One of thee first things Owen saw was "a young and beautiful salesgirl [who] had  reached across the counter serarating her from her customer and had angrily seized the customer's noe in a grip of eternal animosity.  The customer, one of those large, officious, disagreeably arrogant ladies who infest department stores, was emitting a volley of objectionable and highly unladylike noises.  Above her voice came the clear, crisp, furious words of the salesgirl, 'You mean-spirited, overstuffed, blue-faced old babboon you wicked-hearted old cow walrus,' said the salesgirl, 'take that and that and that'...The that and that and that designted three seaparate and distinct tweaks to the nose of the customer."  To Owen's amazement, Mr. Larkin watched the scene with great delight, remarking that th salesgirl was doing splendidly.  He tells Owen that the customer is 'a most pestiferous bitch' and that 'describes her nicely -- a regiular she-dragon.  And a bully.  Attend a moment and you will see something amusing.  Watch how she gets hers.'  Suddenly all the sales staff in sight descend upon the woman and throw her bodily out of the store.

Within minutes, Owen and Larkin spot a shifty-looking man rushing past them and out of the store.  Larkin says the man has probably stolen diamonds, and it turns out he did -- a large handful of big diamonds.  Larkin makes no attempt to stop the thief and his  matter-of-fact, laissezz faire approach puzzles Owen.  But Larkin is more interested in lunch.  "No wonder we're going bankrupt," he tells Owen.

The next distraction was "four beautifully formed girls clad in the sheerest underwear were speeding down the aisle.  Behind them sped four decidedly determined gentlemen almost, but not quite, draped in towels."  Each of the fur women leaped upon Owen, Larkin, and his two partners for protection, climbing quickly up to their shoulders; the girl who had leapt upon Owen got her foot caught in his pants and underwear and, as she climbed up, those articles of clothing climbed down.  The men who had been chasing the girls had been skinny dipping in the pool (yes, this magnificent store had a swimming pool) and would not believe the girls were underwear models...

You now have an idea of what type of department store this was -- one completely unlike any other store in the world.  Certainly one run like no other department store had been run.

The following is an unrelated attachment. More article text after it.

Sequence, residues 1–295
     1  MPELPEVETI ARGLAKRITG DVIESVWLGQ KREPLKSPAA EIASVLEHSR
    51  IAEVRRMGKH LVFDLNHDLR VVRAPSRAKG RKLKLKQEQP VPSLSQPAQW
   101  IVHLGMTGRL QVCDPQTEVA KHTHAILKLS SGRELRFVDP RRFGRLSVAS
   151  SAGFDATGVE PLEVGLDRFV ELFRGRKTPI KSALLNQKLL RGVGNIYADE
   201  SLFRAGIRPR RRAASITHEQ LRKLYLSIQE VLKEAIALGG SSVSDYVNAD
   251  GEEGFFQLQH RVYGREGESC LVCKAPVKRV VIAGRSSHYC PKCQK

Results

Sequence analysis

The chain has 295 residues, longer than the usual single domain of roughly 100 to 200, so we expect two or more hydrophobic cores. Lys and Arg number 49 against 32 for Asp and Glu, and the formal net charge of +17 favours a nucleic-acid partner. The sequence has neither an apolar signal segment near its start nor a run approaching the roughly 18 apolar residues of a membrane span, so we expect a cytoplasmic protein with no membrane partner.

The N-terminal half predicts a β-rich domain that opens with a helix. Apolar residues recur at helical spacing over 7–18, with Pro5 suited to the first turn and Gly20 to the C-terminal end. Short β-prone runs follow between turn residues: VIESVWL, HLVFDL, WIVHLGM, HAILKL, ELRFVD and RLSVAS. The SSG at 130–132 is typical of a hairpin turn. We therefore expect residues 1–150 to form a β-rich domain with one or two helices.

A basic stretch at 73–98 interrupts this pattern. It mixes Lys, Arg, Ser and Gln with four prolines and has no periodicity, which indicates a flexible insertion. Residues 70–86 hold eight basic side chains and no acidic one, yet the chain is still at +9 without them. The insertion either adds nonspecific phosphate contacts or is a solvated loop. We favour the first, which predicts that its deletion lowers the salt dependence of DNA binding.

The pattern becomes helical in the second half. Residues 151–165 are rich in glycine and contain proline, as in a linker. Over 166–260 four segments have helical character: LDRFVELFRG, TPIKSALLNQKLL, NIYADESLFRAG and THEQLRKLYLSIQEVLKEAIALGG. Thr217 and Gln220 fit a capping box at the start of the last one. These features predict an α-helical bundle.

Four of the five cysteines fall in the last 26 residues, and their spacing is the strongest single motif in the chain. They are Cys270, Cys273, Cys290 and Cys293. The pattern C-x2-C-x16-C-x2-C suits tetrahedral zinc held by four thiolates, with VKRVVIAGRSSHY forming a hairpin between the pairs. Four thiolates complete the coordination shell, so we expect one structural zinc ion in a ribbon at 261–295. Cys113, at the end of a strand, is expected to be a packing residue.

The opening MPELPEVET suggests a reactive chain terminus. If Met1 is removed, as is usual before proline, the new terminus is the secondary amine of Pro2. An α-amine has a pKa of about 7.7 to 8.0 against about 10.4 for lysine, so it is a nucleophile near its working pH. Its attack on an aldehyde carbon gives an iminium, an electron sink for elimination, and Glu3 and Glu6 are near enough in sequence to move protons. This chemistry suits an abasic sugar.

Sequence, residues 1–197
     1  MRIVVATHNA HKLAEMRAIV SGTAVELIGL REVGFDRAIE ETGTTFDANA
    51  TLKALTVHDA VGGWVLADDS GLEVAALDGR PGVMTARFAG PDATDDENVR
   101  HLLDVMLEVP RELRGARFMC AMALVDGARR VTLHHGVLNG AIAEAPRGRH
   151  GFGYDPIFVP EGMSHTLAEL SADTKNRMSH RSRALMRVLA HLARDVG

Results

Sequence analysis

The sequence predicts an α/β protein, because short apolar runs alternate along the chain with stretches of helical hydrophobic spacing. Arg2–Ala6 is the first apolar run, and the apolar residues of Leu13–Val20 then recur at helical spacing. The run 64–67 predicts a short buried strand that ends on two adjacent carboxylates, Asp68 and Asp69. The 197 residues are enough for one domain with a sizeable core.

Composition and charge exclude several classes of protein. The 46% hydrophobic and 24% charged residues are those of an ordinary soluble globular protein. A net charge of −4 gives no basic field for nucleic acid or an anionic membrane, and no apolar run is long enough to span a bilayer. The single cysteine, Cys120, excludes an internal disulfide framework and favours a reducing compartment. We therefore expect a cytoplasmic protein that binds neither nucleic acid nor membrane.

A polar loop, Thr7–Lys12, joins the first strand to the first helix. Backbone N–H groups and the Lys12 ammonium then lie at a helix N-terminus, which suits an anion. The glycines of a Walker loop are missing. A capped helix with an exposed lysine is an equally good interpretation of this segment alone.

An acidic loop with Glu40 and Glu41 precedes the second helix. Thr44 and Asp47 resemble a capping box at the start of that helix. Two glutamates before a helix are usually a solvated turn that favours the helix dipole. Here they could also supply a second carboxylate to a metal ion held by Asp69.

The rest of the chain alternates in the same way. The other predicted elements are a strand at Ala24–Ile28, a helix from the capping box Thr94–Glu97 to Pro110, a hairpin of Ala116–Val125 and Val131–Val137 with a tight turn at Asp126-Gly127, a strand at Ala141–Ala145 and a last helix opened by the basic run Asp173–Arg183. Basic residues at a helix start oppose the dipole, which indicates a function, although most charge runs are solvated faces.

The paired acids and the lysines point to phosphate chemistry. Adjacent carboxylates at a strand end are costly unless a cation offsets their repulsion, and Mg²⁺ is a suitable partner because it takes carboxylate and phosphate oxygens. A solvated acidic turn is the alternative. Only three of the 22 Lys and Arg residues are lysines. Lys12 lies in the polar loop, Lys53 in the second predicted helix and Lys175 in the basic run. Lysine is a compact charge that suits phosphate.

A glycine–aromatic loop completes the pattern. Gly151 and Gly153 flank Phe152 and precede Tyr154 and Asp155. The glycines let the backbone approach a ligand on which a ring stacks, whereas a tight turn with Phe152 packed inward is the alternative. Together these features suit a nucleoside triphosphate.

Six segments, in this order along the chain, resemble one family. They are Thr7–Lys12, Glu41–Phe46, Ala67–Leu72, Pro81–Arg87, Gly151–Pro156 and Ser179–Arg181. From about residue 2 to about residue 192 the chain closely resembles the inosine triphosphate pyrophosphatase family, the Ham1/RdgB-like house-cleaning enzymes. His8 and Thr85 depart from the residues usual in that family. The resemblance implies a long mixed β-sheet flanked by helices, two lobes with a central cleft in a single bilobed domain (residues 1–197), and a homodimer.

Larkin then tells Owen that he (Owen) has been named the newest partner in the store.  To start him off, Owen is to work in the Books Department.   It's unclear if the store has a general Books Department, but Owen finds himself behind the counter of the Pornographic Books with a free-spirited young nymph named Miss Honor Knightly, better known as "Satin."  Satin enjoys her job and enjoys working with Owen, deciding that he is hers to keep.

Owen and his new partners (and Satin) go to a meeting of the Kirians, a group of distinquished business from throughout the city.  By this time much alcohol has been imbibed and Owen has joined in the devil-may-care spirit of his partners.  Gone are all thooughts of his legal business; Owen is just having too much fun.  The meeting is held in a large hotel some distance from the store.  The four partners disrupt the meeting by various means (including duck calls) and cap the meeting off by setting the hotel on fire (that's after they set the officious program speaker's beard on fire.)

Did I mention the stuffed whale?

Much of the book is taken up with Laurel and Hardy-type routines of double-talk.  Unrelenting routines, incident after incident after incident, leaving victims and bystanders (including earnest mothers, would-be customers, city leaders, and bank officials) addled and confused.   This type of interplay is a hallmark of Smith's comic writing, but in this case, it seems much of the narrative is nothing but. This over-dulgence gets to be a bit wearing. I suspect Smith decided to go this easy route rather than work to flesh out a plot.

The novel ends as expected and is designed to appeal to the Walter Mitty in all of us.

It must be mentined that this is Thorne Smith's most ribad book,  but the sex is merely impled and never graphic.  Just as well.  Fantasies deserve to be private.

A good, entertaining, but flawed, read.  Or, perhaps, I've just gone beyond the Walter Mitty portion of my life.